By their very nature, books will be more appealing to intellectuals and the lower reaches of the elite. Such scanned materials might thus include textbooks on major social subjects and humanities, as well as purely technical material (and special attention should be given to textbooks and manuals dealing with computers). It is important to introduce books that have different, even mutually exclusive, opinions; North Koreans should not be subjected to syrupy propaganda and anti-communist harangues. Instead, they must become accustomed to intellectual differences and arguments. They should read what is written by the left and right, zealous antiglobalists and stubborn libertarians alike. They should be exposed to the modern world, with all its complexity and uncertainty. 

Finally, the world shouldn’t overlook the potential of those North Koreans who have made it out of the country. North Korean refugees are very different from those Eastern Europeans who fled to the West during the Cold War. To start with, they cannot be plausibly described as “defectors” since most of them were driven away from the North by starvation or other nonpolitical factors. Furthermore, Eastern European and Soviet defectors were well-educated, while North Korean refugees are largely farmers and manual workers. 

Still, a small but not insignificant community of well- educated refugees has now built up in South Korea. Contrary to what is often assumed, they are not actively supported by the South Korean state; one shouldn’t be surprised by the sight of a former North Korean engineer working as a pizza deliveryman. Support systems and jobs for such people are crucial. For younger refugees, scholarships for master’s and doctoral studies are of special importance, since currently the government only pays for their undergraduate education.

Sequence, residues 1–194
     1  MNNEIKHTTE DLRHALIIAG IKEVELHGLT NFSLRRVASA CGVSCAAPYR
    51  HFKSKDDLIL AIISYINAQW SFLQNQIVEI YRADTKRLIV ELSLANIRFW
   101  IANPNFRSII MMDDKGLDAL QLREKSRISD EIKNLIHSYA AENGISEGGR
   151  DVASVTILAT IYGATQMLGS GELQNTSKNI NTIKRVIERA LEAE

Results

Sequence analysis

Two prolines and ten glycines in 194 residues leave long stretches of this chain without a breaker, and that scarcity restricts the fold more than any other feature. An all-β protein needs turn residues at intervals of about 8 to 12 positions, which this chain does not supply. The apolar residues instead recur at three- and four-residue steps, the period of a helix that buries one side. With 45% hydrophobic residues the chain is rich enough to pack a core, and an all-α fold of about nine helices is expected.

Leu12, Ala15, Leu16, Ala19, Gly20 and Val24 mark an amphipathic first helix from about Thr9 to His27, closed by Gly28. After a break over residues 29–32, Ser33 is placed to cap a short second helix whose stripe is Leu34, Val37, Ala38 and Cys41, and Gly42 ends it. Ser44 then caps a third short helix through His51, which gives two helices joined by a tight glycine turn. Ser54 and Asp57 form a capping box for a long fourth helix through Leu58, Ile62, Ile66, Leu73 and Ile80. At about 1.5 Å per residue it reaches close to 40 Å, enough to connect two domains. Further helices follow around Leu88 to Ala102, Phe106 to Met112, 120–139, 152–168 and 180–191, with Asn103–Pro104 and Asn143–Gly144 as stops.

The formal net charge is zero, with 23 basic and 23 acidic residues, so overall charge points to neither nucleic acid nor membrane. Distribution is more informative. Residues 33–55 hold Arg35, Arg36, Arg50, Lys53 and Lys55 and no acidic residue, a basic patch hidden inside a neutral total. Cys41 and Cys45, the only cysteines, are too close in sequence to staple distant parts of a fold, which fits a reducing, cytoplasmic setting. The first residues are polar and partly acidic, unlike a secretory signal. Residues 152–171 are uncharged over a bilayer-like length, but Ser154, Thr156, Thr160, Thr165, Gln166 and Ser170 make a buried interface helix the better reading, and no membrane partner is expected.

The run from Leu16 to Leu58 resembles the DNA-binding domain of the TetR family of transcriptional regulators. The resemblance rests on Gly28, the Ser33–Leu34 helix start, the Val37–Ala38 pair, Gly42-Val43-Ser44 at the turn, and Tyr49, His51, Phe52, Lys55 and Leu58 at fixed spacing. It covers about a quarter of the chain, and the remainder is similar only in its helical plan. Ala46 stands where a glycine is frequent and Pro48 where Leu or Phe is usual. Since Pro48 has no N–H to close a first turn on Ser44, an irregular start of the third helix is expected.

We need to train more former North Koreans to become professionals -- construction engineers, accountants, scientists, water-treatment specialists, and doctors. Nowadays, refugees stay in touch with their families and friends back in North Korea, thanks to Chinese mobile phones and a network of “brokers” who deal with people smuggling, money transfers, and letter exchanges. A refugee who has become, say, an accountant, is likely to channel back to the North information of much greater importance and impact than one who makes a living by waiting tables. 

When the collapse or transformation of North Korea finally comes, some of these refugee intellectuals will probably go back to their native land. Some of them will become political and social activists, while many more will apply their technical skills in the reemerging North Korean economy. They will play a major role as educators and instructors, teaching North Koreans how things are done in the South and, broadly speaking, in the modern world. Investing in them now is one way to help speed that day along. 

Pic -  “The Real North Korea: Life and Politics in the Failed Stalinist Utopia"